Pelican / Red Sparowes
The Fire In Our Throats Will Beckon the Thaw / At the Soundless Dawn
B+ / B+
elican and Red Sparowes have each recently released albums of wordless, at times heavy music (don’t be simplistic and call it “instrumental metal”—you’d be not just lazy but wrong in doing so). Both bands are on indie labels, and both have clearly listened to their Slint records. That’s roughly where their similarities stop.
You might expect Red Sparowes to deliver a bruising metal attack on their new album At the Soundless Dawn, considering the band is made up of members from Isis and Neurosis (and the album’s released on Neurosis’ label Neurot Recordings). You’d be dead wrong, however; this is a 180—or at least a 90—from Neurosis, coming off more akin to My Bloody Valentine and even Ride. Heavy doses of heavily atmospheric keyboards accent and augment the guitars and bass, while occasionally, the guitars actually chime and shine (track 3 could nearly be a Modest Mouse instrumental!). Sonic Youth is clearly an influence as well; track 1 (the album’s songs are untitled) owes a doubt to the textures of Evol and Sister without sounding anything like them.
The bass riff that launches track 2 is almost shockingly catchy, as At the Soundless Dawn is not an album on which you expect to find hummable songs. The guitar-bass-drums interplay might be at its finest on this track, which near the 2:30 mark strips down to acoustics, sounding for a moment like it’s about to become Slint’s “Good Morning Captain.” A minute and a half later, everything comes crashing back in, hard, nearly striking you down with its muscle, before the bass riff returns. And then, about six minutes into the song, ambient sound, including crickets, takes over to form the backbone of the track, setting a table for some quietly ragged guitar.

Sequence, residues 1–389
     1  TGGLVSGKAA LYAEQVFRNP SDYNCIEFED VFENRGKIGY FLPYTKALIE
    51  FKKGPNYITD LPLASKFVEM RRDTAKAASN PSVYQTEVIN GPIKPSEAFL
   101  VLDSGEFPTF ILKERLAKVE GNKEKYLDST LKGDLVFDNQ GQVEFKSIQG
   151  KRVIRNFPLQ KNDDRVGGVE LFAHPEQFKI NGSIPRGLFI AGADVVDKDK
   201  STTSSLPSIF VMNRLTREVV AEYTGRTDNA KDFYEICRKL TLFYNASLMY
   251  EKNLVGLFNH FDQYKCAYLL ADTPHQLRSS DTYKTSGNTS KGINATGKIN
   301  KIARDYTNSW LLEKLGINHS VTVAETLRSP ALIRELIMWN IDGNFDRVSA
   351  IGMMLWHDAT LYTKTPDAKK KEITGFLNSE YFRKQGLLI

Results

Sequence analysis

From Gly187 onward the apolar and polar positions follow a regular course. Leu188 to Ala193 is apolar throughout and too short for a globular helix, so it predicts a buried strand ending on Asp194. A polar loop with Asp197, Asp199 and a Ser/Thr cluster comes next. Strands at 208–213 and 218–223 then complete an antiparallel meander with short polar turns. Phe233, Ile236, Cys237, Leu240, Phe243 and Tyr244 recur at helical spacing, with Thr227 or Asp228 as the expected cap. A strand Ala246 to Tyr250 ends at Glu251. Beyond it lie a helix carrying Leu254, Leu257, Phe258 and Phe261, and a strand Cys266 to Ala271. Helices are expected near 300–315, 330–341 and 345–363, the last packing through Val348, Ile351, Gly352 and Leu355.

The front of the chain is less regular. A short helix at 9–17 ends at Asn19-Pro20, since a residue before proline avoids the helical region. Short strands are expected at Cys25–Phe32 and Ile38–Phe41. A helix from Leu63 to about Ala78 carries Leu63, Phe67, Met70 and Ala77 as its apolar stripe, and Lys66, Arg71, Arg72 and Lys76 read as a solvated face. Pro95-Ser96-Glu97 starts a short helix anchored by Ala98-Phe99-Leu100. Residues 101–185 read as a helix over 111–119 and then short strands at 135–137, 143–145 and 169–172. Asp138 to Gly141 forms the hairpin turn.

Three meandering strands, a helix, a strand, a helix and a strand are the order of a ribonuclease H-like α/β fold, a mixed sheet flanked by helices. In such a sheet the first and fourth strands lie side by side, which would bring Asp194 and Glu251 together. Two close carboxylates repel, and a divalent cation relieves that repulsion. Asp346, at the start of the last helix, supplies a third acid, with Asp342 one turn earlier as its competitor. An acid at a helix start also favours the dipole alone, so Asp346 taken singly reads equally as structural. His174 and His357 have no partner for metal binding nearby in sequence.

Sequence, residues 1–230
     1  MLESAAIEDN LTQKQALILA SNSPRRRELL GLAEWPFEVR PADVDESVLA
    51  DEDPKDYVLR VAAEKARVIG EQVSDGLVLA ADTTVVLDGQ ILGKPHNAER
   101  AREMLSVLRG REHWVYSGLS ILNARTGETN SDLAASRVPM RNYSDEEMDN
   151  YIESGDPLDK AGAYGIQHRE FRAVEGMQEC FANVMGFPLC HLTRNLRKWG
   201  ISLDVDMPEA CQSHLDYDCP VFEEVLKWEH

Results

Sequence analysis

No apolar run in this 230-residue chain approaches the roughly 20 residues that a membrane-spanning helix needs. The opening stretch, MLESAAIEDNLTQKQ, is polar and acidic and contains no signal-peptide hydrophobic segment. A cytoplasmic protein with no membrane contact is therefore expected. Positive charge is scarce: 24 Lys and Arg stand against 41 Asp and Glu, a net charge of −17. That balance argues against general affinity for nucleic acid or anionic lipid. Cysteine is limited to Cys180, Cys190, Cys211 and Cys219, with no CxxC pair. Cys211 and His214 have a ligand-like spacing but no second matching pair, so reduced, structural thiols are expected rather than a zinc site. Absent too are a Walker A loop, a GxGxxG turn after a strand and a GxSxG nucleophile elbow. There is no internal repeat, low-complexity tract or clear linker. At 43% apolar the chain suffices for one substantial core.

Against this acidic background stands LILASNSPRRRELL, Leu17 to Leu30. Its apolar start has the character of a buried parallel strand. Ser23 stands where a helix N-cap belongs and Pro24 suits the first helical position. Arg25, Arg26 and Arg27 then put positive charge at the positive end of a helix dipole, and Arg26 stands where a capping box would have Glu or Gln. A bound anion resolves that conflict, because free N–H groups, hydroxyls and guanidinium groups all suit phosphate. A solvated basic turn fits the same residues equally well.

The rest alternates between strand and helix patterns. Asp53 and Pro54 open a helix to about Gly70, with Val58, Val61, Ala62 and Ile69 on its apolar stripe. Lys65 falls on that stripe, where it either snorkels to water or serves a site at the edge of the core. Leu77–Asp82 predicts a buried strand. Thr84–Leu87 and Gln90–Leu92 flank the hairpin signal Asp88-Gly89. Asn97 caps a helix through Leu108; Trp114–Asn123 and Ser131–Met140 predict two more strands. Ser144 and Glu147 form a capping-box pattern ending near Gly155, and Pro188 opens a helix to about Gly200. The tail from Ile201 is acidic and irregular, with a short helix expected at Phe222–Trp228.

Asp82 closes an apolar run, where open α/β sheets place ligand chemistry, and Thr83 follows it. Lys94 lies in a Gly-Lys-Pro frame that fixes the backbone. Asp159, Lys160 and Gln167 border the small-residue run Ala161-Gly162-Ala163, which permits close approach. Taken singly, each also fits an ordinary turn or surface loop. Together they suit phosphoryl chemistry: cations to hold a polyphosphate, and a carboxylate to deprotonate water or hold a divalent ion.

Chicago quartet Pelican take their cues from different sources on their sophomore album The Fire In Our Throats Will Beckon the Thaw (hands down the best album title of 2005). Opener “Last Day of Winter” smells of fellow Chicagoan Steve Albini, mostly notably his current power trio Shellac, though echoes exist of Rapeman as well. They’ve got a somewhat more prog bent to them than Red Sparowes, and a more wide-open sound: the first minute of “Autumn Into Summer” evokes the barren American prairies and vast Arizona deserts. The song then breaks into a groove reminiscent of early ‘90s indie heroes such as Codeine and, yes, Slint, with a pushme/pullyou feel to its stop/starting.
“March to the Sea” and “Red Ran Amber,” meanwhile, are undeniably heavy, but never in a riff-o-rama manner. This isn’t Yngwie Malmsteen, and there’s no shredding going on here, just solid, (dare I say?) mannered playing with heft behind it. (Albini again comes to mind.) In contrast, the album’s untitled fourth track is acoustic.
A hidden track tacked on after the epic conclusion of Red Sparowes’ album is four minutes of pure white noise, sounding for all the world like the inside of a jet engine. Like the overall tone of Pelican’s album, the feel here is icy. For all the rich textures of both albums, you’re left feeling somewhat cold and distant, and that’s a good thing. Sometimes, the role of music is to alter and (re)adjust your perception(s) of music itself, to give you no safe place. That’s precisely what Pelican and Red Sparowes, in their own ways, accomplish. You may not return repeatedly to either album—comfort music this ain’t—but you’ll be richly rewarded when you do; this is a pair of superb records.